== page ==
Sticks and Stones by Will Shonbrun
Sticks and Stones…
By Will Shonbrun
Despite the old adage it’s known by most that the impact of words – harsh, accusatory, judgmental or condemnatory – last and fester far longer than bodily bruises. Words matter. Ask the preacher or the politician or the pundit. Ask the dictator. First come the words, then the actions.
Since the latest tragic event in Tucson we are hearing from politicians and pundits alike – some of them – to turn down the inflammatory and violence-oriented rhetoric, to cool the hate speech, and to understand that such words have consequences, as we’ve been told so many times. It happens every time these kinds of brutally insane and heart-wrenching rampages occur.
Of course words matter. It’s an old, old story, but we’ve only to look a short way to past history: the rationale for stolen land because its inhabitants were godless savages; an excuse for slavery, one of the depths of human depravity, because its victims weren’t fully human; the Nazis’ rise to power on the defamation of Jews; the oppression and subjugation against women and minorities and their relegation to second-class status; the McCarthy Era, and the arousing of our nation to go to war in East Asia or the Middle East through fear and the demonization of some “enemy.”
Calls for more civil discourse, less personal attacks, and easing off violent, militant words and symbols are heard throughout the land, as always follows tragic, senseless killings, and while this is the proper and right response, it is undermined by a fundamental hypocrisy in our culture: We are a violent people.
We tell our children that problems cannot and should not be solved by violence, and that our differences cannot be rectified through aggression, but what do we show them on the world stage?
We invade countries that we disagree with when we believe it is in our interest to do so, and we manufacture the reasons and rationales to get our people to accept, support and fight in these wars. But ‘invade’ is a too surgical, too clinical word. It does not describe the reality of the act. A recent example: Before our military set foot in Iraq in 2003 we rained bombs and missiles on sections of the country for two weeks. Remember “shock and awe”?
Those bombs and missiles not only destroyed, rendered into rubble, buildings and infrastructure, they tore apart human beings: families, babies and children of people who just happened to be living in the wrong place, at the wrong time. These were other human beings, no different than our families, friends and neighbors; no different than us. Our military, before and during the invasion of Iraq killed, brutally and violently murdered and maimed a countless number of people no different in their hopes, dreams and desires than you or I. That’s the reality of war. Indiscriminate bombing and so-called collateral killing was done in Vietnam and Cambodia as well, and there’s no reason to believe it will not happen again.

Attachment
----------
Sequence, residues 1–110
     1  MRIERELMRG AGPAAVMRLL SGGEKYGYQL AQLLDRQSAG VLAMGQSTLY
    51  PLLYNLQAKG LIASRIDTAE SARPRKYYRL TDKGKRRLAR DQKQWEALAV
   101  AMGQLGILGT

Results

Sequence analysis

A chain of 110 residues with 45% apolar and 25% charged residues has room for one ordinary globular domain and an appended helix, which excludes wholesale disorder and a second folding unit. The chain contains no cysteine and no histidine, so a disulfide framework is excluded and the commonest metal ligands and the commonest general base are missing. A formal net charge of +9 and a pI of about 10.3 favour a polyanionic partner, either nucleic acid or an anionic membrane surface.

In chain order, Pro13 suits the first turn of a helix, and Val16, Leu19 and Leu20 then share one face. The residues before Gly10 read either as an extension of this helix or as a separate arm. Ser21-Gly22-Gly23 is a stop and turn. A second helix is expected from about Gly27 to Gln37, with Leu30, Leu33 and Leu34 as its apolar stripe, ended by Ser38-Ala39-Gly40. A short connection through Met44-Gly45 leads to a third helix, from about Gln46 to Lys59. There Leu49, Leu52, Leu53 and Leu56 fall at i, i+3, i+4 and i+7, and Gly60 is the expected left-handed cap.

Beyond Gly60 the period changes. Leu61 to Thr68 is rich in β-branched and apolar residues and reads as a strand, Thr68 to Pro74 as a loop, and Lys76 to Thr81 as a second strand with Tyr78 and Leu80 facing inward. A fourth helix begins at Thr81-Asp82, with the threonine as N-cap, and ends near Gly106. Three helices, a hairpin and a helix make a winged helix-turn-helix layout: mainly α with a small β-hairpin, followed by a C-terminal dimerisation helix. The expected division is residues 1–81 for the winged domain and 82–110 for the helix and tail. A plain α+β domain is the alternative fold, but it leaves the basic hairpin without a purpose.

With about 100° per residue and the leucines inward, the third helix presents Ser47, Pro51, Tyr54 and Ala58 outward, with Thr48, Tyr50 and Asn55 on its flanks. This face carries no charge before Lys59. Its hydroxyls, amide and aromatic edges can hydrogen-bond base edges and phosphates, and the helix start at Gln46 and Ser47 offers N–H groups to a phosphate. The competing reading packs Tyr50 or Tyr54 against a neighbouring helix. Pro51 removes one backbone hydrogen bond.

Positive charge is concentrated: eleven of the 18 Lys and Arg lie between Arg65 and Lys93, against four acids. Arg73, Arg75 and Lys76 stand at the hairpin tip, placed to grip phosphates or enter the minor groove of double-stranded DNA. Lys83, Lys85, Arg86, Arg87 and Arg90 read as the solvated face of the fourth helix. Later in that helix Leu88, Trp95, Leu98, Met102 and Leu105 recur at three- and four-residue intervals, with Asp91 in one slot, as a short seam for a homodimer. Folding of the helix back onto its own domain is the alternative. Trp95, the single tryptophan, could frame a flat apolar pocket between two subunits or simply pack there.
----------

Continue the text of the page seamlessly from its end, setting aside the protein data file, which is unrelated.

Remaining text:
We tell our children not to engage in violence to solve their problems and it’s the first thing we resort to. We exhort our children and our fellow citizens to eschew violence and physical aggression while at the same time manufacturing and selling arms – machinery that kills people and destroys cities and countryside – to practically all the nations of the world. We spend about half of our entire budget fighting and preparing to wage wars. How can we tell our children, tell ourselves, to seek non-violent solutions when our actions belie our words?
We are currently cautioned by our leaders, the putative more reasonable and intelligent ones, to cool the rhetoric and incitement to violence-laden language, while at the same time sending drones to kill designated enemies regardless of who else happens to get killed or wounded in the process. We preach non-violence and at the same time justify the use of torture. Torture! We have a Congressman recently calling for the assassination of Wikileaks’ Julian Assange – not a trial to establish innocence or guilt, but an assassination; a mob hit. This is and other such utterances are the level of discourse from some of our political leaders and extreme right wing pundits.
How can we expect our people to behave respectfully, to debate differences honestly and logically, to keep our national discourse civil when the reality of how we act and what we say projects just the opposite? Only when we stop exhorting and resorting to violence in order to get what we want will we be able to bridge the divides that have grown deeper and wider in our country. Only when our actions mirror our words will we be able to advise our children and tell ourselves and the rest of the world how to live in peace. Will such a time ever come?
Will Shonbrun is a writer who lives in Sonoma, CA.